TOKYO: Toyota Motor Corp said it expected its full-year loss would be three times what it had flagged just six weeks ago as the world's biggest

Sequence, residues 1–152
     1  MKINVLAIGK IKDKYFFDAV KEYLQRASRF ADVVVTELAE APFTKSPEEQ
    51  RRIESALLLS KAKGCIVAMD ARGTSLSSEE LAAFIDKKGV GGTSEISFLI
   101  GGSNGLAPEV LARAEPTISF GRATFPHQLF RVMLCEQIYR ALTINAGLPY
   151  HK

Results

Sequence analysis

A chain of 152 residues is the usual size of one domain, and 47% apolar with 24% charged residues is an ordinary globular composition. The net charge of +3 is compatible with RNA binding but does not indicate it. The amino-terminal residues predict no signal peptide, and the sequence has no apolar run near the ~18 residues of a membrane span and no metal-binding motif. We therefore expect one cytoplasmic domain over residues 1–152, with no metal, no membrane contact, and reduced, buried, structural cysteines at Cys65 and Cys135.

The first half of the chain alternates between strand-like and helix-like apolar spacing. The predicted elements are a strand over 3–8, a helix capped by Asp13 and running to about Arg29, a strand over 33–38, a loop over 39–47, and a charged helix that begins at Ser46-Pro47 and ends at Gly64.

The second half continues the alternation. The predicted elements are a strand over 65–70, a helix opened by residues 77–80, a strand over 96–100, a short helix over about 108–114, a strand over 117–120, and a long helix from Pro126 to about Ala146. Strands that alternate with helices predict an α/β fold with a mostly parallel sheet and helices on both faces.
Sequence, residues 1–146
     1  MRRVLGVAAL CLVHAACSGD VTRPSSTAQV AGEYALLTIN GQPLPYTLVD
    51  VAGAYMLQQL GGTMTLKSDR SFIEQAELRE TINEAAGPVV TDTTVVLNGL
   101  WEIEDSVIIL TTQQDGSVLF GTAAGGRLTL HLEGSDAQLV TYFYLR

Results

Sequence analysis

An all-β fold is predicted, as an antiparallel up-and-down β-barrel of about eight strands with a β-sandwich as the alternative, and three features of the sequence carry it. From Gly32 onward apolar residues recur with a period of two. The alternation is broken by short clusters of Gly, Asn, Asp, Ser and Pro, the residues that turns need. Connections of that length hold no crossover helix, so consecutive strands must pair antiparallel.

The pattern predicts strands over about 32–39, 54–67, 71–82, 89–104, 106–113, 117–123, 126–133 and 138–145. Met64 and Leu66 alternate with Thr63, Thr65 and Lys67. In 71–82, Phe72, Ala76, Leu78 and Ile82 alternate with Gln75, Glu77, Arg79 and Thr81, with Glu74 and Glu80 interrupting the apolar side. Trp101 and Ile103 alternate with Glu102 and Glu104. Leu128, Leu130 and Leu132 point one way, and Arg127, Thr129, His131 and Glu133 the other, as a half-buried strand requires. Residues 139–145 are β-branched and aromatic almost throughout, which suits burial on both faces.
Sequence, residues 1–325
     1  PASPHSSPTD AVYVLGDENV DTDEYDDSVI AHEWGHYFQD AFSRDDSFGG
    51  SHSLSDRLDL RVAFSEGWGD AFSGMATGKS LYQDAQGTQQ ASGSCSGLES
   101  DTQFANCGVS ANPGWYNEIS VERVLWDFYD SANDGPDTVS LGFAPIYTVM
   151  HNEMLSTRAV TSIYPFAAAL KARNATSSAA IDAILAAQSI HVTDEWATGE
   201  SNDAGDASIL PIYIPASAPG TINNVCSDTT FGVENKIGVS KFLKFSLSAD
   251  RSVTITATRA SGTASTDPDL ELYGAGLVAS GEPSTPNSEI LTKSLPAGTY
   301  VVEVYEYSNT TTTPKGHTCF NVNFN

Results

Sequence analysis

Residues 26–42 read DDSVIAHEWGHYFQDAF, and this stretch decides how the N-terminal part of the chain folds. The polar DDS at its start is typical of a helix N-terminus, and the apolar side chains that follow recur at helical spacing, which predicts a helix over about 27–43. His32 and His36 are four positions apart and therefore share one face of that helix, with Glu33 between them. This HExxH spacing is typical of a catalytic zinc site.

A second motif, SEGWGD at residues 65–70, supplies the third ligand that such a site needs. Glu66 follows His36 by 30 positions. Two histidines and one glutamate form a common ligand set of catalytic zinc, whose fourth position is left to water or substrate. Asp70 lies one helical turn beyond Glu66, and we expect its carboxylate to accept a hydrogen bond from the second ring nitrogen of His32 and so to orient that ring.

automaker struggles to cut production fast enough to match sliding sales. A sudden dive in demand since late last year has caught automakers around the world flat-footed, but the pain is especially pronounced at Toyota, which is saddled with too much capacity after years of building new plants to keep up with demand. For the year to end-March, Toyota now expects an operating loss of 450 billion yen ($4.95 billion) instead of the 150 billion yen loss it forecast in late December and a similar consensus forecast in a Reuters Estimates survey of 18 brokerages. It would be Toyota's first consolidated operating loss in its 70-year history. Toyota changed its annual net forecast to a 350 billion yen loss from a 50 billion yen profit. For its October-December third quarter, Toyota reported an operating loss of 360.5 billion yen ($3.97 billion) against a year-earlier profit of 601.6 billion yen. It posted a third-quarter net loss of 164.6 billion yen against a year-earlier profit of 458.7 billion yen. Toyota started the current financial year with a bullish forecast to build 8.87 million vehicles in the 12 months to end-March. By November, it had slashed that goal by nearly 1 million vehicles, and has since announced more cuts in North America and Japan. It cut its forecast for 2008/09 global vehicle sales to 7.32 million units from 7.54 million. Shares in Toyota are up around 5 percent so far in 2009 as investors favour stocks with competitive long-term prospects, beating Tokyo's blue-chip Topix index, which is down 8 per cent.